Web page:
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Males and Females


It can be very difficult to tell if a koala, up in a tree is male or female.  If you can get a good view of its head, you can tell. A male koala (above left) has a  larger and broader head with a large "roman nose". A female koala (above right) has a more pointed chin and rounded profile, her ears are also smaller.




Female koalas are smaller than males and look fluffier. They also have a pouch to carry their young joeys until they are ready to ride on their mothers back. A baby koala is the size of a jelly bean when born and will stay in the pouch until it has a full coat of fur and is starting to nibble on leaves.

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Male koalas  have a sternal gland on their chest. This gland becomes more visible when they are of breeding age at approx. 3 years old.

Every male koala has a sternal gland (scent gland) on its chest. This gland produces an oily secretion with a distinctive smell that stains the surrounding fur. At the beginning of the breeding season he will advertise his presence by "scent marking" trees, by rubbing his chest against them.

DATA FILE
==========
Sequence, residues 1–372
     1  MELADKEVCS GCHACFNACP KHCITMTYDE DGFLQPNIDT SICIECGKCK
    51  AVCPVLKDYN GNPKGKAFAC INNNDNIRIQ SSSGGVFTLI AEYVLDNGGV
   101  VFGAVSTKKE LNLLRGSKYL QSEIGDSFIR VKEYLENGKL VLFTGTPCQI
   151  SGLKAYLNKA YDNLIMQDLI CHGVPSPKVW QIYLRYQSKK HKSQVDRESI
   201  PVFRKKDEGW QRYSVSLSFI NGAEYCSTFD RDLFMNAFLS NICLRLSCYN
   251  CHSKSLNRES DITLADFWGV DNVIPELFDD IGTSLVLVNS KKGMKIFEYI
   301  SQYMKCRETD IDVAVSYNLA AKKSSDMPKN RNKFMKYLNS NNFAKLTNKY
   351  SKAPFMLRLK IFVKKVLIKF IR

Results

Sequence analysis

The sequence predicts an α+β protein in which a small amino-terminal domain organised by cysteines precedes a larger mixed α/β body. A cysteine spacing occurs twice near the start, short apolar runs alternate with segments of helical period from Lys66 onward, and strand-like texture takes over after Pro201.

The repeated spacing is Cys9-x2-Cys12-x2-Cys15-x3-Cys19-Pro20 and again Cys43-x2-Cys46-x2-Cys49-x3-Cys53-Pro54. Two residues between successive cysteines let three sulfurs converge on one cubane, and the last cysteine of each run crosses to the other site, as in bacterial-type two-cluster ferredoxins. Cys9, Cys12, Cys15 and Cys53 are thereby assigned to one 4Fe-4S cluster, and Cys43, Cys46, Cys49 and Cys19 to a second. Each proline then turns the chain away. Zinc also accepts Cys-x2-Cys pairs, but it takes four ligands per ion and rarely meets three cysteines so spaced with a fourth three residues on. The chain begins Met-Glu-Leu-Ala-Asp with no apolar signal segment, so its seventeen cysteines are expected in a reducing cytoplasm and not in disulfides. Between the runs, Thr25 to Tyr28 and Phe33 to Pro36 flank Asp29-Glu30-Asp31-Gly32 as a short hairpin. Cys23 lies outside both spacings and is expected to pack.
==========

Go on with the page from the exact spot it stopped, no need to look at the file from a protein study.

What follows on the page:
alt  Koalas have a suprising range of vocalizations.


Males are more vocal during breeding season, typically September to March. They will make harsh open mouthed grunts - a long series of deep snoring inhalations and a belching exhalation. Dominant males use their "bellow" to warn other koalas they are in the area.

The female bellow is softer and less frequent. They often make a higher pitch scream.

Koala joeys will squeel when they are distressed or looking for mum, as they become older it becomes a sqwark.